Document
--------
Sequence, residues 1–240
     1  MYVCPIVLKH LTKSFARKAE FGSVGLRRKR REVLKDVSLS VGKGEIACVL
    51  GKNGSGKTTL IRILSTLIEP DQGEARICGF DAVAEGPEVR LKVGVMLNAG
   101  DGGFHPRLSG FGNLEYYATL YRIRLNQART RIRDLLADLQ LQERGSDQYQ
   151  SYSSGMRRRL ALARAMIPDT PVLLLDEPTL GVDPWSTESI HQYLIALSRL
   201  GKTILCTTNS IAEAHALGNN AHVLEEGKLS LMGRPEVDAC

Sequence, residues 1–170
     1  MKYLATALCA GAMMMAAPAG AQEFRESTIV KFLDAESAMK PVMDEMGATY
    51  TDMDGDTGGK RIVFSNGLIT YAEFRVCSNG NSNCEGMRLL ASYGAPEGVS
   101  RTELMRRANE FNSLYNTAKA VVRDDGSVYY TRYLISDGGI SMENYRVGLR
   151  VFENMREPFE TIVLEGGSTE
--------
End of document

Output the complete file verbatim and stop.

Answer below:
Sequence, residues 1–240
     1  MYVCPIVLKH LTKSFARKAE FGSVGLRRKR REVLKDVSLS VGKGEIACVL
    51  GKNGSGKTTL IRILSTLIEP DQGEARICGF DAVAEGPEVR LKVGVMLNAG
   101  DGGFHPRLSG FGNLEYYATL YRIRLNQART RIRDLLADLQ LQERGSDQYQ
   151  SYSSGMRRRL ALARAMIPDT PVLLLDEPTL GVDPWSTESI HQYLIALSRL
   201  GKTILCTTNS IAEAHALGNN AHVLEEGKLS LMGRPEVDAC

Sequence, residues 1–170
     1  MKYLATALCA GAMMMAAPAG AQEFRESTIV KFLDAESAMK PVMDEMGATY
    51  TDMDGDTGGK RIVFSNGLIT YAEFRVCSNG NSNCEGMRLL ASYGAPEGVS
   101  RTELMRRANE FNSLYNTAKA VVRDDGSVYY TRYLISDGGI SMENYRVGLR
   151  VFENMREPFE TIVLEGGSTE